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UPDATE: More than 70% of transit measures pass

Posted on November 7, 2012

UPDATE: Richland County, S.C. finished counting votes on November 8 for its one-cent sales tax increase to support road improvements, bus service, greenways and bike lanes. The measure passed by 53%.

By a passage rate of nearly 68.4%, voters across the country continued a track record of success for pro-transit measures as 14 of 19 local public transit-related ballot initiatives were approved on Tuesday, according to the American Public Transportation Association (APTA) and the Center for Transportation Excellence (CFTE).

A total of 21 measures with a significant transit component were considered by voters in 12 states from California to Maine. Fourteen measures were approved and one remains undecided as votes continue to be counted in Pierce County, Wash. Two additional public transit measures will be decided in Los Angeles and Kansas City, Mo. next month.

Adding the results to earlier transit measures this year, 47 out of 58 pro-transit measures have passed in 2012 at a rate of 79.3%. These numbers reflect a long-term trend — since the year 2000, more than 70% of public transit ballot measures have successfully passed.

With only four measures left to decide — one from Tuesday and the two elections pending in December — the success rate for 2012 stands at more than 80%. This year has seen the largest number of transit ballot measures since CFTE began tracking initiatives in 2000.

“This successful trend of passing transit measures demonstrates that public transportation is a vital and essential service that people want and need. Even with economic concerns still on everyone’s minds, voters decided to pass taxes, create bonding, or take other actions to improve or maintain public transportation,” said APTA President/CEO Michael Melaniphy.

The majority of transit ballot measures continue to be aimed at increasing investment. Fourteen of Tuesday’s measures dealt directly with transportation finance, including seven sales taxes, five property taxes, one bond and one gas tax.

In a closely watched race, Orange County, N.C. approved a half-cent sales tax for transit. This follows last year’s successful half-cent sales tax measure for improved public transportation in Durham County, N.C., by creating larger, regional public transportation services in the Research Triangle area of North Carolina, which includes Raleigh, Durham and Chapel Hill.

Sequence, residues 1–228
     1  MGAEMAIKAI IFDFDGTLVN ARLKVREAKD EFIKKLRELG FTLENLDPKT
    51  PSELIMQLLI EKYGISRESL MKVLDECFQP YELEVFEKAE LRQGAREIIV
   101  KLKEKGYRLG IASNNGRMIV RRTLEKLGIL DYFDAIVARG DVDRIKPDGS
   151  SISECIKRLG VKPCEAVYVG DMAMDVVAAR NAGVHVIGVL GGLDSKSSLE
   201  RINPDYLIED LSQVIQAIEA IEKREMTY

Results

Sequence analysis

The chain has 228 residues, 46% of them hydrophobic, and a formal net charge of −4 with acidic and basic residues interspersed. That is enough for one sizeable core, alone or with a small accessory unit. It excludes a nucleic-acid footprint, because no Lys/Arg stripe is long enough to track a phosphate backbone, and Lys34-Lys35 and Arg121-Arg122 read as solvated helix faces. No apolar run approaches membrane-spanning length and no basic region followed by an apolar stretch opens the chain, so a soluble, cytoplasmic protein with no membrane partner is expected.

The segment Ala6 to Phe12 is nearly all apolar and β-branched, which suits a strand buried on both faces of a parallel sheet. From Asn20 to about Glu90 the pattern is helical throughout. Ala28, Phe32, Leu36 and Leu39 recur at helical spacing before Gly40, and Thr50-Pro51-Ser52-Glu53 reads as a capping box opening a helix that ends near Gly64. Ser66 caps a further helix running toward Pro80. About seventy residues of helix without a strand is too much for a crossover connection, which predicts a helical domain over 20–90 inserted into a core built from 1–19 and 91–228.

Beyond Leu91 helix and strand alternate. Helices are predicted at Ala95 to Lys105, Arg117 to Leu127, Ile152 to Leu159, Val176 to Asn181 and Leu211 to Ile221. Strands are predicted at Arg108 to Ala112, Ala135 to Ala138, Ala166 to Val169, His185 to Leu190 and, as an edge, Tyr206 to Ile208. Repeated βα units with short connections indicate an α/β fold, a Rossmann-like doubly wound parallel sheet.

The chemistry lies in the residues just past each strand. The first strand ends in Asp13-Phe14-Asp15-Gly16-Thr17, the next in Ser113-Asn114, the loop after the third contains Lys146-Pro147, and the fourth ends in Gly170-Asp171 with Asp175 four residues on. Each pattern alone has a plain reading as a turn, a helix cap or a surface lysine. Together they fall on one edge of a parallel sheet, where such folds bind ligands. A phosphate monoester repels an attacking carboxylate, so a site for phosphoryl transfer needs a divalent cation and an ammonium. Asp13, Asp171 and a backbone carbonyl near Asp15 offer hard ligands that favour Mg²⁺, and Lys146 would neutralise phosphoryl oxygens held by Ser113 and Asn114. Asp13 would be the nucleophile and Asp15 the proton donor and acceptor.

Voters in Arlington County, Va., overwhelmingly voted by 80% to pass a nearly $32 million bond that will support a number of public transit projects, including capital projects for the Washington Metropolitan Area Transit Authority.

Michigan voters continued to embrace property tax measures to support public transportation. Earlier this year, Michigan communities approved 27 of these measures. On Election Day, four more property tax levies were approved by voters in the state.  

Not all successful transit-related initiatives involved raising new funds. There were three ballot initiatives to eliminate service and all three were turned down. By a rate of 70%, voters in Falmouth, Maine voted against ending Metro services after December 31, 2013. Fifty-nine percent of voters in Spencer Township, Ohio voted against withdrawing from the Toledo Area Regional Transit Authority. Additionally, 73% of voters in Walker, Mich. voted against a measure to end service by the Interurban Transit Partnership.

Despite the record of success this year, yesterday’s elections did bring some losses. Two significant measures in California were defeated. However, both measures attracted strong majority support among voters but fell just short of California’s supermajority requirement for tax increases. Despite nearly 65% of voters approving Measure B1 in Alameda County and Measure J in Los Angeles County, both fell just short of the 66.67% hurdle. If these sales tax measures had been on the ballot in any other state in the nation, they would easily have won.  

Voters in three states rejected attempts to curtail local transit service. Communities in Michigan, Ohio and Maine considered measures to withdraw from established transit systems without providing citizens any alternatives. All four of these measures were roundly rejected.

For a complete list of 2012 transportation state and local ballot initiatives, go to the CFTE Website.

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